The Wanderer

"As I walked through the wilderness of this world . . ."

Posts Tagged ‘N T Wright

Cold Waters on N. T. Wright

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Guy Prentiss Waters offers a historical, exegetical and theological assessment of N. T. Wright’s latest work on justification.  Here is his conclusion:

Justification: God’s Plan and Paul’s Vision is the most comprehensive and current statement of N. T. Wright on justification to date. Justification is largely a restatement of Wright’s views, with some amplification and rhetorical refinement. It is not a detailed textual and theological interaction with his Reformational readers’ concerns and objections. To the degree that Justification summarizes and synthesizes nearly three decades of Wright’s publications on justification, the book is useful to the student of Wright’s work. To the degree that Justification has failed to engage criticisms of Wright’s formulations on justification in such a way as to advance the discussion, the work is a missed opportunity. What is clear from Justification is that the fundamental concern of Wright’s Reformational readers remains unallayed and firmly in place: Wright’s views on justification have parted company with the teaching of the apostle Paul.

Professor Waters has been at the forefront of addressing the flaws in Wright’s argument in recent years, and the whole thing is worth reading carefully (although it is, to me, the sort of piece that is easier to read on the printed page than in the distracting environs of the interweb).

Written by Jeremy Walker

Saturday 13 June 2009 at 13:34

The New Perspective on Paul

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There are a couple of things out and about at the moment about the New Perspective.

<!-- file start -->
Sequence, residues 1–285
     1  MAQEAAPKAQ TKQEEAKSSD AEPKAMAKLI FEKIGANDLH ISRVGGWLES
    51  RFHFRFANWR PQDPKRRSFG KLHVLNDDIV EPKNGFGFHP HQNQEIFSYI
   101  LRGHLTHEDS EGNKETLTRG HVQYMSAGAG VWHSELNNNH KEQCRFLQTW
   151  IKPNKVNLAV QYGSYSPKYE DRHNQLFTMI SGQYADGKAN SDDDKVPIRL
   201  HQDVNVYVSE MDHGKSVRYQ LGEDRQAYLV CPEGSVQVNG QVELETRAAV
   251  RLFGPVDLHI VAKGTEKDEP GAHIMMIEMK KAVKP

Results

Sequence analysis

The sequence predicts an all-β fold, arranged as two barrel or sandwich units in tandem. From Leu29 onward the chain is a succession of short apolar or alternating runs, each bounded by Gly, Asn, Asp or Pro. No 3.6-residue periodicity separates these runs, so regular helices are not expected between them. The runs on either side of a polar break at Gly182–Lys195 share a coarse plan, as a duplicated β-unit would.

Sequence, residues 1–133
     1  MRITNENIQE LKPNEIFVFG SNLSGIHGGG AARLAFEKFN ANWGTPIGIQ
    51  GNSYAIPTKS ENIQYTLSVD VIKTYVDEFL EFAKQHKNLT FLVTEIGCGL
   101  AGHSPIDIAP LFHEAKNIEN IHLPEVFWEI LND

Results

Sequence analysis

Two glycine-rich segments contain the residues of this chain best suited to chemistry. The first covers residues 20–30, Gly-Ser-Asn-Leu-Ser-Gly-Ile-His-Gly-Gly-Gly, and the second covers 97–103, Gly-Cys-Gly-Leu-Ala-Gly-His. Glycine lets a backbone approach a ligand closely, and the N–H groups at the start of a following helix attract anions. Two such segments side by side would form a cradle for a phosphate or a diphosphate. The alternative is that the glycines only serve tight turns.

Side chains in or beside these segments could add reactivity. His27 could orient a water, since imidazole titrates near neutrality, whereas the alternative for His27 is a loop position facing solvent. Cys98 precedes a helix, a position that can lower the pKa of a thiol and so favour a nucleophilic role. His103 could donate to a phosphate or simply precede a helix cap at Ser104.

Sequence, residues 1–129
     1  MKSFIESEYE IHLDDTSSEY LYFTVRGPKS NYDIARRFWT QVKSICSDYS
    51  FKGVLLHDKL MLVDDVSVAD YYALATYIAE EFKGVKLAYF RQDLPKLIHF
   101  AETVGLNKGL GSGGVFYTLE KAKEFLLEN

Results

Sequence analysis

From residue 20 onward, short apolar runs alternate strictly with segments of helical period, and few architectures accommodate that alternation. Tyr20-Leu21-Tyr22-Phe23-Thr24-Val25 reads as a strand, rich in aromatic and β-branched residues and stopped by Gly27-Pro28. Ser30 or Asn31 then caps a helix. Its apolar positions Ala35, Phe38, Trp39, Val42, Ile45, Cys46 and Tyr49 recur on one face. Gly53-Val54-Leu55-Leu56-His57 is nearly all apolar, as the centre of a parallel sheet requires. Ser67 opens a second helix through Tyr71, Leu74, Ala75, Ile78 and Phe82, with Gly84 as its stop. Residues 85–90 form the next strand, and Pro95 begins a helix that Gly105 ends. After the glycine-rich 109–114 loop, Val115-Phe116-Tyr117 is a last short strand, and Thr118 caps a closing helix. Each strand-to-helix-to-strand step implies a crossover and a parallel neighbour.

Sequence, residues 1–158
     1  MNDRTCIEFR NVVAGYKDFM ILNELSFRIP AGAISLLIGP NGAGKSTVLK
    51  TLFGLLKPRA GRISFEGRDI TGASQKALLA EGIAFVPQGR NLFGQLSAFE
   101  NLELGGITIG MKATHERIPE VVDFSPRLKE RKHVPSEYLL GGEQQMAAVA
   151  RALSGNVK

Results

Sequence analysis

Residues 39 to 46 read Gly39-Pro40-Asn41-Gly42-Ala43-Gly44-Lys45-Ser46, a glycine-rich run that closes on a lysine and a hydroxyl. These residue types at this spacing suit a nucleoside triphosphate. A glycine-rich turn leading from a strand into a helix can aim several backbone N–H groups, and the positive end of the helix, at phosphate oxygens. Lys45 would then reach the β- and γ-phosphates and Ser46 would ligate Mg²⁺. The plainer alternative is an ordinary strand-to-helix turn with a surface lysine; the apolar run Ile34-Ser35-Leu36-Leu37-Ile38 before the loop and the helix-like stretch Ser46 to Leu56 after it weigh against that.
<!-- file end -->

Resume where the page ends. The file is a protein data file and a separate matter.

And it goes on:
At Reformation 21, J. R. Daniel Kirk’s attempt to synthesize the NPP and the historically Reformed perspective in his book Unlocking Romans is reviewed by Guy Waters.  Waters concludes:

Unlocking Romans is a striking piece of the post-NPP academic landscape. This book serves as a reminder to the church that we may never assume or take for granted the exegetical foundations of our teaching and preaching. In each generation, these foundations must be articulated and rearticulated in the face of new questions and fresh challenges to biblical teaching. If readers want to see how a scholar attempts to synthesize the NPP and Reformed theology, then a study of this work will repay the effort. In the end, Kirk’s efforts do not rescue the NPP from the charge that the NPP’s understanding of Paul’s doctrine of salvation compromises Reformed theology.

Scott Clark reminds us of Charles E. Hill’s review of N. T. Wright’s What Saint Paul Really Said. Was Paul of Tarsus the Real founder of Christianity? Hill states at the end of his review:

The whole coherency of justification as meeting the problem of the wrath of God against sin, and therefore as being absolutely grounded in the substitutionary atonement by Christ which diverts that wrath from us, is lost or obscured in the membership interpretation. These things may not yet be denied by Wright, but there is no intrinsic connection between them and justification, as I see it, in Wright’s view.

Written by Jeremy Walker

Tuesday 24 March 2009 at 09:36

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